While Rob worked on Saturday, I decided to explore on my own and drove to an old building that had caught my eye a few times in Cismont. I parked down the road and walked back to find an old lady clearing the verges outside the property. We started chatting and I discovered that she was the current owner of the building and it had once been a school for exclusively white children from 1908 to 1961.
She very kindly allowed me on the property to photograph the building on the understanding that I wouldn't attempt to go inside. Bugger! But I had to respect her wishes and I was excited to be able to look up close. There was originally a library, 3 classrooms, an auditorium, an athletics field and stables. As well as being an educational center it was also a hub for community activities.
I walked all around the building peering in wherever I could. The blank wall in the photo above once held a blackboard. Vandals have been in and stolen many artifacts but Mrs Spicer and her husband saved a blackboard and restored it, then donating it to the local Stone Robinson School. The building was well secured making it a little easier to keep my promise of no entry.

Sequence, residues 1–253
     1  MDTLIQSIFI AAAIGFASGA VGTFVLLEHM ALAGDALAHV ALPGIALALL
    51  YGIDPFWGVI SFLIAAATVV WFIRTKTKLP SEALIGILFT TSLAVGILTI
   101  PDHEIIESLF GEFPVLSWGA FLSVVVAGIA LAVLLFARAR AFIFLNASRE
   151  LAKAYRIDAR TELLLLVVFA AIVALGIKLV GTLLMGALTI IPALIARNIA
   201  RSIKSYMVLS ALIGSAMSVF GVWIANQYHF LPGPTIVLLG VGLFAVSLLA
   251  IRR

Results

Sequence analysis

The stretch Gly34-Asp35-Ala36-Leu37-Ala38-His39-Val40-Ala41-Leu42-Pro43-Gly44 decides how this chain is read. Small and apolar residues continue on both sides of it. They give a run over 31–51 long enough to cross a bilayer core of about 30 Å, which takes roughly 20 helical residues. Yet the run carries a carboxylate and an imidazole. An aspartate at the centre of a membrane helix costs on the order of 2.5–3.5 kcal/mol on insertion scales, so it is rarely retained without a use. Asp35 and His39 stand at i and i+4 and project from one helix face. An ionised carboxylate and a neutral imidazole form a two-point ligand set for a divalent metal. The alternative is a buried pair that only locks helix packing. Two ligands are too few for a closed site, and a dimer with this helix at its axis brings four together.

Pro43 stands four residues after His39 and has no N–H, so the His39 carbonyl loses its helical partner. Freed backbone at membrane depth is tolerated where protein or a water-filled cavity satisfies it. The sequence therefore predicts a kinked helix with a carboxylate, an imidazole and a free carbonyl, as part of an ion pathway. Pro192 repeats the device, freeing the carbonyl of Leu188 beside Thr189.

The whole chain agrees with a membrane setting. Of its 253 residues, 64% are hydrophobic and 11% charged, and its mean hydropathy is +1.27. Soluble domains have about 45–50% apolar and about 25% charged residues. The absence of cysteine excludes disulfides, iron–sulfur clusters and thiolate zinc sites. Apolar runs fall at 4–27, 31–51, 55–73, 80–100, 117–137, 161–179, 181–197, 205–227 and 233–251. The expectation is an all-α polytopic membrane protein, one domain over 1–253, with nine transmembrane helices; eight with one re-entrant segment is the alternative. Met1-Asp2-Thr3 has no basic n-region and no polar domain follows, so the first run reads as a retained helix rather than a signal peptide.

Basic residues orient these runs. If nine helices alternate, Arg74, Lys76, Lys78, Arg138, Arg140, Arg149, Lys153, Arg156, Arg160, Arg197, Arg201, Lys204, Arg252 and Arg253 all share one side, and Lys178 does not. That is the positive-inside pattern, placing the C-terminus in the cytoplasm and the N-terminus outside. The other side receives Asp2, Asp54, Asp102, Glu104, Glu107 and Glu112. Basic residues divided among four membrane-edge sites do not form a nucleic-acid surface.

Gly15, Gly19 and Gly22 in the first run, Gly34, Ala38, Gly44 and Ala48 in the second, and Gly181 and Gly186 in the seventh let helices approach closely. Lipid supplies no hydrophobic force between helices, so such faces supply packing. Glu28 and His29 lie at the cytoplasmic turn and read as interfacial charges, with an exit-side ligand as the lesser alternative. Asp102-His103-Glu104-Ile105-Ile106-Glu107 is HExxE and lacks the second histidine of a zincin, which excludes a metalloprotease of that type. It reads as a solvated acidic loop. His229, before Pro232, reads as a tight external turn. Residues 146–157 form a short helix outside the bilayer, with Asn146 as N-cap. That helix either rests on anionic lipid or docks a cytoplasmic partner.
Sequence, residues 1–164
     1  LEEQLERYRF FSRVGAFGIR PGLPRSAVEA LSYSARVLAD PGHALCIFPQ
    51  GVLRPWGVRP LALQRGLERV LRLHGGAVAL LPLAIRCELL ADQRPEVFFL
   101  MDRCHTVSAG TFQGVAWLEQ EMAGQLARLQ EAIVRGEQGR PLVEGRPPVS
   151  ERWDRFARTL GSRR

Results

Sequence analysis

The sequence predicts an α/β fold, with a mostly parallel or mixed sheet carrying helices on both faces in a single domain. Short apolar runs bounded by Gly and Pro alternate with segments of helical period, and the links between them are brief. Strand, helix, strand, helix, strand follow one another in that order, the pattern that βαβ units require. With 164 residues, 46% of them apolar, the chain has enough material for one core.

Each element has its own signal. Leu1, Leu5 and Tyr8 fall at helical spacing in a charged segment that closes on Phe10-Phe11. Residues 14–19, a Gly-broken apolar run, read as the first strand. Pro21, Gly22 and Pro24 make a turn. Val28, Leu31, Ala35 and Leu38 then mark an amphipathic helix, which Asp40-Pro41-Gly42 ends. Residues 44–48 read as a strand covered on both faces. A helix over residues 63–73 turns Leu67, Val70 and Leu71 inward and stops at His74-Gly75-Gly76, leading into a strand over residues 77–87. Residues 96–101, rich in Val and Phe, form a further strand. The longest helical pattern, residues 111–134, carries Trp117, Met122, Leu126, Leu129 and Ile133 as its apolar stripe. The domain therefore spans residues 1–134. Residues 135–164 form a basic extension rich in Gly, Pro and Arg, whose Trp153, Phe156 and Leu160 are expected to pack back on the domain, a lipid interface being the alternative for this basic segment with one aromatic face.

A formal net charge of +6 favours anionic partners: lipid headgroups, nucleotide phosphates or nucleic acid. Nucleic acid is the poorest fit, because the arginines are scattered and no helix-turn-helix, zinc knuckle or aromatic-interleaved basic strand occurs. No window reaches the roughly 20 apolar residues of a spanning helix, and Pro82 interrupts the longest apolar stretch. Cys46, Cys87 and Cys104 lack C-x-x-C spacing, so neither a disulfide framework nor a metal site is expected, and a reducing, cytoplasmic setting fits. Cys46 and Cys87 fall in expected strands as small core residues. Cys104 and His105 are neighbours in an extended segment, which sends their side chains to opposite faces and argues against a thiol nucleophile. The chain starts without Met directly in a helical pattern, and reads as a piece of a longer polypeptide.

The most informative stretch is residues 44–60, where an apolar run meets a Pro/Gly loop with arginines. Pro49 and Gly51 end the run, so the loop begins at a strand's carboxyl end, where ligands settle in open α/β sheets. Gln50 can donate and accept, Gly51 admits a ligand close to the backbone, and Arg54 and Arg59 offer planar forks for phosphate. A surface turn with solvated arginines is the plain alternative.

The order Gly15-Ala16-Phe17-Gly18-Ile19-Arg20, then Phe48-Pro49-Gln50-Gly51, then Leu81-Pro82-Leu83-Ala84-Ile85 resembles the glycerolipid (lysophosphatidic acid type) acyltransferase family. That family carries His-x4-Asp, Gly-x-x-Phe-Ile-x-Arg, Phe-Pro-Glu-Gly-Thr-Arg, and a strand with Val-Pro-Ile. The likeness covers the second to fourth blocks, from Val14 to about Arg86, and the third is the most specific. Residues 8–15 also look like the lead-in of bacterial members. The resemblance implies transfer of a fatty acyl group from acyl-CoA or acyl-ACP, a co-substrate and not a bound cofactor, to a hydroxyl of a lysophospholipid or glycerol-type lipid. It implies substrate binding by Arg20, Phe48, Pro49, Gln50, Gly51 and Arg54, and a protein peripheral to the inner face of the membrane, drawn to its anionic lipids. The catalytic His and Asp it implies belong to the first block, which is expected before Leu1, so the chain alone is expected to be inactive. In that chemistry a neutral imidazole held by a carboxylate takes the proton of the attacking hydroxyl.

She told me her husband's father used to attend the school and would ride his horse down from the mountain every day. The school closed down when larger more central schools became the norm and has since slid into structural decline. Demolition is pending. After thanking Mrs Spicer, I walked back to Stuart and carried on driving down country lanes.
About half an hour later I drove past a driveway, promptly braked and turned around.
This driveway was lined with large black obelisks, animals and torpedoes. I parked and walked up the driveway marveling at the unique decoration.
The owner has made some of the structures himself and this one had a missile attached to a crown that had golf balls on its spikes. The fact that there were dozens of black crows sweeping across the sky added to the atmosphere.